Beth Potter Sweeps Grand Final and Series Crown

It took her until the age of 31, but Beth Potter combined her proven international run prowess with a recent, hard-won mastery of swimming and cycling to ascend to the pinnacle of triathlon’s prestigious Olympic distance. Potter already proved she belonged to vie at the top of her sport thanks to her wins in this season’s World Triathlon WTCS contests in Abu Dhabi and Montreal and the Paris Olympic Test Event. But there was one more hurdle she had to surmount – she had to beat her strongest rival Cassandre Beaugrand at the 2023 season Grand Final in Ponte Vedra Spain.

A razor slim points margin behind Beaugrand, Potter would ensure a world title if she beat French rival this Sunday afternoon. Unleashing her fearsome run with a race-best 33:26 split, Potter became the first British World Champion at this classic distance since Vicky Holland in 2018.

The hard job involved staying with the front pack in the swim with a third-best 19:58 swim split, and a tied-for 5th best 39.8-kilometer bike split that brought her to the run in 15th place. With a speedy transition, Potter carved out a lead over Beaugrand that the Frenchwoman never regained. In fact Potter teamed up with fellow Brit Kate Waugh to take the gold with a 1:53:19 time, 18 seconds ahead of Waugh and 37 seconds ahead of Beaugrand, who fought through a building hamstring pain issue to earn the bronze.

With the victory, Beth Potter won $18,000 for the Grand Final and $70,000 for winning the season-long World Triathlon Series Crown. Potter prevailed in that chase with 4,559 points to Beaugrand’s 4,410 for the runner-up slot. Emma Lombardi of France scored 3,792 points for third place. Taylor Spivey, hampered by a disappointing 16th place finish Sunday, took home 4th place in the yearlong Series.

“This has been a dream season,” Potter told World Triathlon media. “I wasn’t actually feeling too good on the swim and bike today so I had to work quite hard. I really reminded myself of all my training. I felt really good on the run. It was nice to run with my teammate (Kate Waugh) and see her get her first Series medal. I was very determined to win the World Championships. I am not surprised but it’s been tough.”

Race recap

Top two pre-race contenders Potter and Beaugrand lined up together long the swim pontoon, while Bianca Seregni of Italy and Olivia Mathias led the pack with Potter and Beaugrand sandwiched in the middle of the main pack. Maya Kingma of Netherlands, Taylor Spivey of the U.S. and Emma Lombardi of France just 10 seconds back. At T1, struggling to stay in the front six, with Sophie Coldwell, Kingma, and Mathias out together as Beaugrand and Potter in close quarters. Lindemann was first to bridge, Spivey joined and then Potter and Waugh were finally able to make it over before the end of lap one.

Joining a mid-pack group with Gwen Jorgensen and Lisa Tertsch, and Summer Rappaport suffered an injury and dropped out.

Kingma took the initiative and surged to the front, leaving a chase pack 40 seconds back despite the efforts of Julie Derron, Nina Eim and Zaferes to stick with the forward momentum. And despite her heroic efforts to make up for her 7 years away from the sport, Jorgensen started a race-long slide to the back.

Lombardi, Waugh and Potter emerged from T2 in the lead, while Beaugrand took a while to get up to speed. Whereupon Waugh and Potter and Lombardi pulled away as Beaugrand dropped back to run with Coldwell and Lehair six seconds behind the lead trio.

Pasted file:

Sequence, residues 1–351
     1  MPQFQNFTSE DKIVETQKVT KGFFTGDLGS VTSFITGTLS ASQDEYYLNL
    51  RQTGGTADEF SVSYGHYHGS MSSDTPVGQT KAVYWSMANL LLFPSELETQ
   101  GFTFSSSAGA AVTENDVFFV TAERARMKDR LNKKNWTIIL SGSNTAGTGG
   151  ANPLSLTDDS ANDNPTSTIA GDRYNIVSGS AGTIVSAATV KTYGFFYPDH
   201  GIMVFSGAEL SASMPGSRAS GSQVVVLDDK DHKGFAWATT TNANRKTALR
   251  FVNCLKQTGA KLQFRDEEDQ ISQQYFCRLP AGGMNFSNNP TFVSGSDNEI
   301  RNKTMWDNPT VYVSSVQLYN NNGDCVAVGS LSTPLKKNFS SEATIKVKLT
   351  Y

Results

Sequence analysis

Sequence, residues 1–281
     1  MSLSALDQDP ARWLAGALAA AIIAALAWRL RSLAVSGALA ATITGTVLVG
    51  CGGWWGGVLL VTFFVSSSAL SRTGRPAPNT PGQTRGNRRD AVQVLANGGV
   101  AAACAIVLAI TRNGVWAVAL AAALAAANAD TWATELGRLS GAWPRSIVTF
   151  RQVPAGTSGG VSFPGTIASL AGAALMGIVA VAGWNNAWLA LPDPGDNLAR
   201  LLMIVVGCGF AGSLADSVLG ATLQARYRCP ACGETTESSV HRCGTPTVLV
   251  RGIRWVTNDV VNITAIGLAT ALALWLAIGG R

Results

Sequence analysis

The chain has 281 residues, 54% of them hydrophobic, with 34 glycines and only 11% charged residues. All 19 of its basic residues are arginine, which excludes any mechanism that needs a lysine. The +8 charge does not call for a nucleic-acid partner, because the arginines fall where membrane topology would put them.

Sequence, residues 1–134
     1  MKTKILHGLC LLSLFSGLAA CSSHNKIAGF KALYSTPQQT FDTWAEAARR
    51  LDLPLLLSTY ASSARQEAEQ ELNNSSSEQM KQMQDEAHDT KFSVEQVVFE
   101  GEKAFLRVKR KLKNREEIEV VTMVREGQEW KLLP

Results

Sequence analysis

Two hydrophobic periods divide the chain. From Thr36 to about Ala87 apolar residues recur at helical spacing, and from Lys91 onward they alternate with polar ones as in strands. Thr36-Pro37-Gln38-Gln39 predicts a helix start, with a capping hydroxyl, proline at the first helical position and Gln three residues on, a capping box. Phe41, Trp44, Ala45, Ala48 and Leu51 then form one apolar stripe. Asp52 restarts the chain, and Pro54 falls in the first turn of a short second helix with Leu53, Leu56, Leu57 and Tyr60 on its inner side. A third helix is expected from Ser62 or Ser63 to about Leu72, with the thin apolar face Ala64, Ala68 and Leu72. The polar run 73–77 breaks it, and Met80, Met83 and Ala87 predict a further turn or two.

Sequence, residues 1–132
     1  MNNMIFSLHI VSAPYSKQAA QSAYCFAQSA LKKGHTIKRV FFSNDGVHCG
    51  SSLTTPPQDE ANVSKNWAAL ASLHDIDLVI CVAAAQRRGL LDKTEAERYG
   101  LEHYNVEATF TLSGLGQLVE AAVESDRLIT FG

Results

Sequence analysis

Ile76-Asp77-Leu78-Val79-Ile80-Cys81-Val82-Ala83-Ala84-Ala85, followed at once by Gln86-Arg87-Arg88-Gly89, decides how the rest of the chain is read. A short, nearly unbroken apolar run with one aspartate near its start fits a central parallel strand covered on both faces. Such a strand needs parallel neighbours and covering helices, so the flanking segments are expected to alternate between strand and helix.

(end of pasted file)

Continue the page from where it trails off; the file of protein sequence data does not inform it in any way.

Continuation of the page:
Waugh held close to training teammate, until Potter found an extra gear to close off a resurgent Beaugrand threat. Buoyed by her lead momentum, Potter cruised down the blue carpet with a safe gold. Waugh took silver followed by Series runner up Beaugrand in third place. Lisa Tertsch, after putting off until the last opportunity to serve a 15-second penalty, took fourth after a 33:53 run. Rachel Klamer also had an admirable 33:59 run for fifth and a guaranteed fourth Olympic start at Paris 2024. Sixth for Emma Lombardi after a sizzling 34:18 109k, earning a Series bronze, 618 points behind Beaugrand.

Race Results

1 Beth Potter GBR S 19:58 T1 1:19 B 58:13 T2 00:25 R 33:26 TOT 1:53:19 $18,000
2 Kate Waugh GBR S 19:59 T1 1:20 B 58:09 T2 00:27 R 33:44 TOT 1:53:37
3 Cassandre Beaugrand FRA S 19:49 T1 1:19 B 58:22 T2 00:28 R 33:54 TOT 1:53:50
4 Lisa Tertsch GER S 20:10 T1 1:15 B 58:16 T2 00:29 R 33:53 TOT 1:54:01
5 Rachel Klamer NED S 20:07 T1 1:23 B 58:13 T2 00:28 R 33:59 TOT 1:54:08
6 Emma Lombardi FRA S 19:53 T1 1:18 B 58:17 T2 00:25 R 34:18 TOT 1:54:09
7 Sophie Coldwell GBR S 19:43 T1 1:19 B 58:25 T2 00:27 R 34:19 TOT 1:54:12
8 Julie Derron SUI S 20:23 T1 1:20 B 57:58 T2 00:27 R 34:09 TOT 1:54:14
9 Noelia Juan ESP S 20:31 T1 1:14 B 58:00 T2 00:28 R 34:20 TOT 1:54:31
10 Alice Betto ITA S 19:51 T1 1:21 B 58:18 T2 00:31 R 34:36 TOT 1:54:35
15 Kirsten Kasper USA S 19:59 T1 1:19 B 58:10 T2 00:30 R 35:21 TOT 1:55:17
16 Taylor Spivey USA S 19:48 T1 1:22 B 58:18 T2 00:29 R 35:24 TOT 1:55:19
19 Katie Zaferes USA S 20:04 T1 1:24 B 58:13 T2 00:29 R 35:38 TOT 1:55:46
43 Gwen Jorgensen USA S 20:13 T1 1:23 B 1:01:18 T2 00:31 R 35:40 TOT 1:59:03
50 Gina Sereno USA S 20:54 T1 1:22 B 1:01:12 T2 00:31 R 37:21 TOT 2:01:19
DNF Summer Rappaport USA S 19:44 T1 1:26 B 0:00 T1 0:00 R 0:00
DNF Erika Ackerlund S 20:38 T1 1:20 B 1:00:55 T2 00:27 R 0::00

Final Series Rankings

1 Beth Potter GBR 4559.38 $70,000
2 Cassandre Beaugrand FRA 4410.98
3 Emma Lombardi FRA 3792.64
4 Taylor Spivey USA 3225.08
5 Sophie Coldwell GBR 2998.38
6 Kate Waugh GBR 2992.50
7 Lisa Tertsch GER 2909.42
8 Jeanne Lehair LUX 2762.23
9 Nina Eim GER 2671.77
10 Rosa Maria Tapia Vidal MEX 2486.02
11 Summer Rappaport USA 2357.47
12 Georgia Taylor-Brown GBR 2347.99
14 Taylor Knibb USA 2096.61
16 Kirsten Kasper USA 1939.65
17 Katie Zaferes USA 1937.18